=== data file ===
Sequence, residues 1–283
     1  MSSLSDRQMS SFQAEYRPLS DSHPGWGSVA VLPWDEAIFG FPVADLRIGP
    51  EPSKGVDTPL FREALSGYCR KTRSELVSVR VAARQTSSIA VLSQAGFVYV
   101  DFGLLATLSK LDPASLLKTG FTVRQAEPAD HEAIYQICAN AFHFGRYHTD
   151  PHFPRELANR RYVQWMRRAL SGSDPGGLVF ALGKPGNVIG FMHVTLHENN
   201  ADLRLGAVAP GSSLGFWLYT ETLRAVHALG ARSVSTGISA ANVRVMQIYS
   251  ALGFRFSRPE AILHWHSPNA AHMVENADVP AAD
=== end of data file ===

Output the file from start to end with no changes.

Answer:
Sequence, residues 1–283
     1  MSSLSDRQMS SFQAEYRPLS DSHPGWGSVA VLPWDEAIFG FPVADLRIGP
    51  EPSKGVDTPL FREALSGYCR KTRSELVSVR VAARQTSSIA VLSQAGFVYV
   101  DFGLLATLSK LDPASLLKTG FTVRQAEPAD HEAIYQICAN AFHFGRYHTD
   151  PHFPRELANR RYVQWMRRAL SGSDPGGLVF ALGKPGNVIG FMHVTLHENN
   201  ADLRLGAVAP GSSLGFWLYT ETLRAVHALG ARSVSTGISA ANVRVMQIYS
   251  ALGFRFSRPE AILHWHSPNA AHMVENADVP AAD